Although it is possible to decline the policy limit offer from the responsible driver’s insurance, and instead choose to sue the person directly, we would usually advise against it. Unless a person is extremely wealthy (think professional athlete), it’s unlikely you would ever be able to collect a judgment against them, as most people would prefer to declare bankruptcy as opposed to having a large judgment against them they will never be able to pay. 


With the risk of bankruptcy possibly eliminating a judgment, it’s almost always better to accept the guaranteed money being offered by the insurance companies. 


UM Claims:


If the driver that caused the collision is uninsured or left the scene without exchanging information, that may feel like salt in an open wound. Often clients are confused about how they will be made whole in this type of situation. 


Having UM coverage, or “Uninsured Motorist Coverage”, on your own insurance is the only option to get your medical expenses paid, and compensation for your pain and suffering in this type of situation. 


Again, this is a benefit you have paid for in making your monthly premium payments, so don’t hesitate to open this claim if that is your situation. However, as with UIM claims, your policy limits will dictate the amount of money available to pay your medical expenses and your in-pocket compensation. This is another reason why your own insurance matters to your personal injury claim.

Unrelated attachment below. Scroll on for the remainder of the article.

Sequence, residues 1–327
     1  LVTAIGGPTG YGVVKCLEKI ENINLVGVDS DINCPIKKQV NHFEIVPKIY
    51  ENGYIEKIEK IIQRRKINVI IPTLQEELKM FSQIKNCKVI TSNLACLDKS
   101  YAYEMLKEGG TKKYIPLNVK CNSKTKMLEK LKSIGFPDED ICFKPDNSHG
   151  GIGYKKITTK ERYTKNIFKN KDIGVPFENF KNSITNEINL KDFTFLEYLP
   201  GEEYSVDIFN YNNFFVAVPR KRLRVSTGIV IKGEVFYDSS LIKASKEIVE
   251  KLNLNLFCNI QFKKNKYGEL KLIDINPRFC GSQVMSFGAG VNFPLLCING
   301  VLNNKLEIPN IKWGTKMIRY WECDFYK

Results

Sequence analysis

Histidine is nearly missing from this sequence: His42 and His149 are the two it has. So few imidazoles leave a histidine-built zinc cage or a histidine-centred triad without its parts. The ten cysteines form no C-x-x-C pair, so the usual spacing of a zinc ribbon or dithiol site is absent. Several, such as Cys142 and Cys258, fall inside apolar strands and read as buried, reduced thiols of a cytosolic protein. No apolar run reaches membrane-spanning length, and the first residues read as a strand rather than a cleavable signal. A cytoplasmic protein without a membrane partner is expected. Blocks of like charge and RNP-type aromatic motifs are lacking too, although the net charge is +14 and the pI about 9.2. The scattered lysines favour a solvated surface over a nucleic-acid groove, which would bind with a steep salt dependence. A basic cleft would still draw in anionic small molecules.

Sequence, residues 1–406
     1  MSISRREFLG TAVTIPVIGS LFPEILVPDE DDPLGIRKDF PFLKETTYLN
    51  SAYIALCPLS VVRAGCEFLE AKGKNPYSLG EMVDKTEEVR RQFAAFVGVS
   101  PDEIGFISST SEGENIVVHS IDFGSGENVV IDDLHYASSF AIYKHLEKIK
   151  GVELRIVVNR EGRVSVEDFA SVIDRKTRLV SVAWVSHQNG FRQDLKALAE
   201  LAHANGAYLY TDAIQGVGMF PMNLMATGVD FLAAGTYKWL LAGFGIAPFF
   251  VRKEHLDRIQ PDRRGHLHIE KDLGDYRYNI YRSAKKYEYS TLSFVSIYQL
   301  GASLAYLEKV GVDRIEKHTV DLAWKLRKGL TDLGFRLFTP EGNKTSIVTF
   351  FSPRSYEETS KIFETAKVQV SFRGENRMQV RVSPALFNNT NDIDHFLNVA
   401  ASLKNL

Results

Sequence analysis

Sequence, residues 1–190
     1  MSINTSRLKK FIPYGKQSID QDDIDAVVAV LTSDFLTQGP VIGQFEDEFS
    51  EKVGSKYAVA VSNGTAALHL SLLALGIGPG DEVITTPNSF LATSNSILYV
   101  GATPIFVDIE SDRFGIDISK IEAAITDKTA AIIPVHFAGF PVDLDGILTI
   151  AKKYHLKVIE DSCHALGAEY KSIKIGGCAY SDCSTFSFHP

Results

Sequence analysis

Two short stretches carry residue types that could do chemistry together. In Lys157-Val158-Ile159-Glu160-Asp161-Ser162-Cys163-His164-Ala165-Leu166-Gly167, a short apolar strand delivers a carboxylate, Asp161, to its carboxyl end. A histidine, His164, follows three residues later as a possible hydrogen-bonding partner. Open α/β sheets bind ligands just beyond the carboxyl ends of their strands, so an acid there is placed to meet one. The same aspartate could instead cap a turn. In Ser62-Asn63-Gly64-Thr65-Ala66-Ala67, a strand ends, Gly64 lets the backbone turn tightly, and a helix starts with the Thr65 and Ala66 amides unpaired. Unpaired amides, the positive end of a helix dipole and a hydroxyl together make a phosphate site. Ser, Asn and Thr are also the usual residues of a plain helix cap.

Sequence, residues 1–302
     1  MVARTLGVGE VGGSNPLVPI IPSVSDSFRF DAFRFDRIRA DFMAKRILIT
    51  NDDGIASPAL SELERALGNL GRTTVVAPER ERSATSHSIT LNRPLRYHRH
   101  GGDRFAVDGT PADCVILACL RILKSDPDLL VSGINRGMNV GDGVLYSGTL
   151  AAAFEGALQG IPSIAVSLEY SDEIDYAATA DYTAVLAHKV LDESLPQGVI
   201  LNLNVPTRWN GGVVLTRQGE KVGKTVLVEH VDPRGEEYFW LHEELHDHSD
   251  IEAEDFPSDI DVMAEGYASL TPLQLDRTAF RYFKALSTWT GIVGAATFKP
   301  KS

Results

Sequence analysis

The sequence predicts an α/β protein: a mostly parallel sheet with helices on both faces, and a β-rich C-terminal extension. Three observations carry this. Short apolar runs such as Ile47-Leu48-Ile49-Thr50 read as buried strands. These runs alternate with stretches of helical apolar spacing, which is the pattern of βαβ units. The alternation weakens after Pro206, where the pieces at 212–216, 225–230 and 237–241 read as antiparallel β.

What Can You Do? Increase Your Policy Limits!


The Utah Personal Injury Attorneys at Johnson Livingston would always recommend you evaluate your own auto insurance policy limits before getting into a crash. If you have the state policy minimums of $25,000/$65,000, you should contact your insurance agent and ask about the cost to increase your policy limits. 


Most insurers offer various tiers of coverage, including $100,000 per person/$ 300,000 per accident, or $250,000 per person/$ 500,000 per accident. It’s not uncommon for the difference in monthly premiums between these different levels of coverage to be only a few dollars per month.


Increasing your own policy to the highest policy limit you can afford is always going to be the best way to protect yourself, even when you’re injured due to someone else’s negligence. You cannot assume that the insurance of the other individual will be sufficient to adequately compensate you. 


To verify your own insurance policy limits, and ask about increasing them, contact your local insurance agent. To be protected and have someone fight to get you the most money possible regardless of whether you have a claim against another driver, or a UM/UIM claim against your own insurance, contact the Utah Personal Injury Attorneys at Johnson Livingston at 801-948-9670. Don’t forget, we don’t get paid unless you do.